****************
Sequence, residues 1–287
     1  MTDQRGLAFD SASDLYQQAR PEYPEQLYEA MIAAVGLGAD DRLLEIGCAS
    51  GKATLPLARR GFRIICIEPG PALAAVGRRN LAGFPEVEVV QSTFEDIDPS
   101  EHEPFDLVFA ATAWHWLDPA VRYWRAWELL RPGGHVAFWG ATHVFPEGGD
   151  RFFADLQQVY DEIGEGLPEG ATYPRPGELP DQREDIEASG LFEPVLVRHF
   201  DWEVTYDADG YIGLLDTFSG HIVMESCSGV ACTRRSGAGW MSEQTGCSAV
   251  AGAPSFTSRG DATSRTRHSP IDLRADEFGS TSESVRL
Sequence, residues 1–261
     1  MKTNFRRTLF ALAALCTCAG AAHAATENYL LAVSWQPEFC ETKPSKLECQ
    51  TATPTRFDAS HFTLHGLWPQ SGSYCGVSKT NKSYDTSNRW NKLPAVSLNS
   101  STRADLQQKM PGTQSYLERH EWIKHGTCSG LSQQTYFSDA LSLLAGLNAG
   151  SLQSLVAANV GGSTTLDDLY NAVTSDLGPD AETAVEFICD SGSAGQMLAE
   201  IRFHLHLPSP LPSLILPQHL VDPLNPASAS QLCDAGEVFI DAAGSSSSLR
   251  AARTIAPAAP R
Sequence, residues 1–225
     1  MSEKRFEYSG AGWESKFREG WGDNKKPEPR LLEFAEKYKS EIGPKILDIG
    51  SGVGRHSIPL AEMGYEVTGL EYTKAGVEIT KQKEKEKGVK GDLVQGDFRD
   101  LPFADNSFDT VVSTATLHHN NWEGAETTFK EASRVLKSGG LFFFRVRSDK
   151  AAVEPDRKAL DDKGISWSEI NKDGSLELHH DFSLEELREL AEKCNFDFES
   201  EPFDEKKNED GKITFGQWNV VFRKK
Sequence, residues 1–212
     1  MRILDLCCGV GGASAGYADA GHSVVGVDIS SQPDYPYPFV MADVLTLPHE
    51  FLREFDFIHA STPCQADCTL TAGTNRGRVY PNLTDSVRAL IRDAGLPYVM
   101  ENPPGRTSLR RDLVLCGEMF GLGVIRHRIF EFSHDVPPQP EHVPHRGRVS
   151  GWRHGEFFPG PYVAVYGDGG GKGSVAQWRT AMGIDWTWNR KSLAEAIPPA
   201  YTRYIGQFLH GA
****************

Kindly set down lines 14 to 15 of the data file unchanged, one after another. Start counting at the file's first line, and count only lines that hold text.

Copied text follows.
   251  AARTIAPAAP R
Sequence, residues 1–225